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Biodegradable fashion: breathe easy with wool

21 billion tons of textiles are sent to landfill every year. That’s a lot of clothes. But not every item of clothing is destined for the trash can. Clothes made from natural fibres, such as Merino wool, are not only readily recycled, but at their ultimate end of life are biodegradable, releasing valuable nutrients back into the earth. Talk about circular.

Why is textile biodegradability important?

Made from nature
Made from nature



No microplastic pollution
No microplastic pollution



Promotes soil health
Promotes soil health



44% of people don’t realised that synthetic fibres in their clothes - such as polyester, acrylic or Nylon - are actually plastic. What’s more, these man-made fibres, derived from fossil fuels and crude oil, do not easily biodegrade, clogging up landfill and choking the ocean as they release thousands of microplastics. Fabrics which sound too good to be true, such as recycled polyester and recycled nylon, are generally just that. At the end of the day they are still synthetic fibres, which stay in landfill for hundreds of years and contribute to microplastic pollution.

Natural fibres, such as Merino wool, are 100% biodegradable in both land and marine environments. So you can wear, care, recycle and dispose of your woolies with confidence that Mother Nature won’t suffer.

Become a label turner

How do you know if you’re making an environmentally friendly choice when purchasing new or pre-loved clothes? Checking the label is a great place to start and shouldn’t be skipped over. It’s essentially a brand’s promise to you, the buyer. Choosing natural fibres over synthetics can make a huge difference in protecting our land, waterways and ocean against pollution.

4 tips to becoming a label turner

1. Fibre composition

What is the garment made from? In many countries this is a legal requirement.


2. Care claims

How often a garment needs washing will impact its environmental footprint. Wool clothes require less washing than clothes made from synthetic fibres, saving you time and money on water and energy bills. And the sweetener, washing wool is super easy. Proper care can considerably extend the garment’s life.


3. Origins

Made in? Grown in? It’s important to know where and how your clothes are made, and even who made them. This way you can find out if the workers are being paid a living wage.


4. Certifications

Did you know the iconic Woolmark logo is a symbol of trust and quality? It’s our promise to you that you are buying a product made from natural, renewable and biodegradable wool that meets our exacting standards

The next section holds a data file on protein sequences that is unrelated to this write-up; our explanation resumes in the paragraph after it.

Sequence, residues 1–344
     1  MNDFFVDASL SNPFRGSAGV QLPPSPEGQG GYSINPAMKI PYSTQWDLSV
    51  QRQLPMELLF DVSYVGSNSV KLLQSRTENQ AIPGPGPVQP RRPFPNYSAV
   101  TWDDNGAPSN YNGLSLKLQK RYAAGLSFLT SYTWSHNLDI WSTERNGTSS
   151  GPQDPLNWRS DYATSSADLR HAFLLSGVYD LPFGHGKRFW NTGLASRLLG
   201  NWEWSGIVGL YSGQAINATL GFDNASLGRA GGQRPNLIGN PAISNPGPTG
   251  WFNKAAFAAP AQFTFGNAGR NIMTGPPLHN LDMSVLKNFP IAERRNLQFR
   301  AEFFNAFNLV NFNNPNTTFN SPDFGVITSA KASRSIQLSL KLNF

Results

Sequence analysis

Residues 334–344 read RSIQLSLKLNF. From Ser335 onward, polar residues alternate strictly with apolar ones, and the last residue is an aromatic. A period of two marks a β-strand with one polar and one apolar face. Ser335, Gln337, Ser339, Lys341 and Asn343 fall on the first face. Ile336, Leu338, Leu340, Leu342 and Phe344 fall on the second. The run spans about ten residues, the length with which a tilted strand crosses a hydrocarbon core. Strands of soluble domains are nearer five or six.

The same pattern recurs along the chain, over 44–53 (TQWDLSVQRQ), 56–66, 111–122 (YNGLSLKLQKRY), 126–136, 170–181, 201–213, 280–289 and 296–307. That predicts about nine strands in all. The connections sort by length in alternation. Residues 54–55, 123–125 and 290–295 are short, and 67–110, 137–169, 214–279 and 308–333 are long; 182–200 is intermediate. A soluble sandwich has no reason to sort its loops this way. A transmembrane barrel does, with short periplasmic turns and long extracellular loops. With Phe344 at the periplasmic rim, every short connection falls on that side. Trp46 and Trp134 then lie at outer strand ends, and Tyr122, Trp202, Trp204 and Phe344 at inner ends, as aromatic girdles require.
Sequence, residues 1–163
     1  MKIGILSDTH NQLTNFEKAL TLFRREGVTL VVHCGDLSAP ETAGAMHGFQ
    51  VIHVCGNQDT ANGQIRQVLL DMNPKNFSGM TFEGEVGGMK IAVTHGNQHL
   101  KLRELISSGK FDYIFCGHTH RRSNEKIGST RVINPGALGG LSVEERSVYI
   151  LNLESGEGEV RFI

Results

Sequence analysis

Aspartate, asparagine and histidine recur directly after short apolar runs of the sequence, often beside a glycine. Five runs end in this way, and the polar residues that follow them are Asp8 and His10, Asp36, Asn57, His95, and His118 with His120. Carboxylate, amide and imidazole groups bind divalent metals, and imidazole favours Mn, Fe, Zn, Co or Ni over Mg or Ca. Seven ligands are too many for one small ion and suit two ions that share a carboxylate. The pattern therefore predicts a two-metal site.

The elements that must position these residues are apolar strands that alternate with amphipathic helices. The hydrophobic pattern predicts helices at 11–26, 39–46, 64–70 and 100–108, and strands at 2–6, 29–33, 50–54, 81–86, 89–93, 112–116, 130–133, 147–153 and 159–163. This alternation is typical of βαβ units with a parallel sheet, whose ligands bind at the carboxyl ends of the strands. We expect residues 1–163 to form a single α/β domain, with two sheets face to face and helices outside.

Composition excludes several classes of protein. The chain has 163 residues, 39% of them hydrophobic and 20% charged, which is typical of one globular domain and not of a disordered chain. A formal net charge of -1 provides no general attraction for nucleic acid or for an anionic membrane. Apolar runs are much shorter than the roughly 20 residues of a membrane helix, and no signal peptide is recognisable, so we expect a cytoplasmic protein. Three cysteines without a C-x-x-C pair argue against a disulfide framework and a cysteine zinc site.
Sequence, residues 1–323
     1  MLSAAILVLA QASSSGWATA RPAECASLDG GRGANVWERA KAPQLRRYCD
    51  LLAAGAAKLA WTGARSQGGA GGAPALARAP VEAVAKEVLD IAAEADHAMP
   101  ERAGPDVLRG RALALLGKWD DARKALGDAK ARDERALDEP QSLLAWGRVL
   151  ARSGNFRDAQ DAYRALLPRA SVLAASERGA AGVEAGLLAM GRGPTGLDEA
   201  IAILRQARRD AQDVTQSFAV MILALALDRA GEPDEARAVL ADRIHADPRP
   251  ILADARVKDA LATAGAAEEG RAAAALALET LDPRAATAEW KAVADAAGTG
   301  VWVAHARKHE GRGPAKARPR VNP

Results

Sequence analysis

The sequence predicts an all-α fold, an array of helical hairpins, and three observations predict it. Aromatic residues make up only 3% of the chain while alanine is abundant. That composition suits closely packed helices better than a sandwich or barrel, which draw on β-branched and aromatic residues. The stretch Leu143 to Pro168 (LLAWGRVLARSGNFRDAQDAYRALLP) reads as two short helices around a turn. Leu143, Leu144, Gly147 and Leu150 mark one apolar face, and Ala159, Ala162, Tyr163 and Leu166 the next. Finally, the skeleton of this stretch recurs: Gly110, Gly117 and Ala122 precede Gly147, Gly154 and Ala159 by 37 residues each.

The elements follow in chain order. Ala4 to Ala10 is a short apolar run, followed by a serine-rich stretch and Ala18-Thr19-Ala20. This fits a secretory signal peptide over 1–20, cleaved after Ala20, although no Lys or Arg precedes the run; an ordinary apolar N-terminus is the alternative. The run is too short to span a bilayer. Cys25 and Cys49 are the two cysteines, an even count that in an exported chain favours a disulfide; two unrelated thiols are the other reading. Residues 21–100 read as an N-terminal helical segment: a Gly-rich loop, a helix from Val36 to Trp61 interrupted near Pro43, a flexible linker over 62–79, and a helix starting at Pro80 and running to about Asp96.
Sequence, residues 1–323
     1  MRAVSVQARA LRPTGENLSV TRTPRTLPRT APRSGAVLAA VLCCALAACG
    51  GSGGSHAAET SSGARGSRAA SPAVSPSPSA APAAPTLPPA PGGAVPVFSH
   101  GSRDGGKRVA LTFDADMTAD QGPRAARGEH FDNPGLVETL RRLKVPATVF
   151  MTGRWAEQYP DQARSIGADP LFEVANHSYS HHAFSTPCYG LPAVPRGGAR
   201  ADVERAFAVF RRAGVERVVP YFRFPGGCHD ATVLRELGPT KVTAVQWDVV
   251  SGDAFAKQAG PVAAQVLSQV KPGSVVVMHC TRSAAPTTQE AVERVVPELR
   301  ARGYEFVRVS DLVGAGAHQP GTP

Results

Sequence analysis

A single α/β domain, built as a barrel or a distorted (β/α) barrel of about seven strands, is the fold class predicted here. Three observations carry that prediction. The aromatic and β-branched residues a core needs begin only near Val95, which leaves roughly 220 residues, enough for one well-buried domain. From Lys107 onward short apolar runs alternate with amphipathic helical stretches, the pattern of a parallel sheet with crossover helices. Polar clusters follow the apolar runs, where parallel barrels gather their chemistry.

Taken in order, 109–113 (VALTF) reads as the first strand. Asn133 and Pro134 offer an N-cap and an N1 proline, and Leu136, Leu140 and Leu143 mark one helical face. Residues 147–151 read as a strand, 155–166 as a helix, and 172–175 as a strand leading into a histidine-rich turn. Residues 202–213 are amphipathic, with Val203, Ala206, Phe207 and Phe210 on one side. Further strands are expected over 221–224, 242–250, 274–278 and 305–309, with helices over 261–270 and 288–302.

What fibres are biodegradable


Here’s your guide to buying biodegradable fashion.

Wool, including Merino wool: Wool is 100% biodegradable in both land and marine environments. Remember when HRH The Prince of Wales famously buried a wool sweater and polyester sweater in his Clarence House garden? When he went to dig them up a few months later, the wool sweater had all but disappeared whereas the synthetic sweater needed a trip to the laundry but was fit to be worn. In fact, not only does wool biodegrade in the earth, but it also promotes soil health, releasing valuable nutrients back into the ground. Wool fibres also biodegrade in marine environments; no microplastic pollution here. But don’t worry, your woollens won’t wear away quickly, with wool clothes being durable to stand the test of time.

Cotton: Cotton is a plant-based fibre, and like wool, is 100% natural. We love cotton for its eco-friendly credentials, such as also being biodegradable.

Linen: Cotton’s cousin linen also biodegrades when buried in the soil.

Hemp: Also derived from plants not heavily processed, hemp is a biodegradable fibre.

Lyocell and TENCELTM: A regenerated cellulosic fibre made from bamboo or wood pulp, lyocell and TENCELTM fibres will also biodegrade back into the earth.


Fibres that do not biodegrade


Plastic never dies, and the same can be said for clothing made from plastic polymers aka synthetic fibres. Common man-made materials include Nylon, elastane, acrylic, polyester, polyamide and neoprene. And don’t be fooled by recycled materials such recycled polyester or regenerated nylon – these are still synthetic fibres which shed microplastics and do not biodegrade.


How to shop circular with wool

How does wool fit into the circular economy? Wool is the original circular fibre. Discover Woolmark’s guide to supporting the circular economy.

Plastic-free Performance

Step away from synthetics and reduce your impact on the planet with Merino.

Tiny plastics? Huge issue

Choose natural fibres over synthetics and make a difference in protecting our waterways and oceans. Wool is a biodegradable fabric and does not contribute to microplastic pollution.
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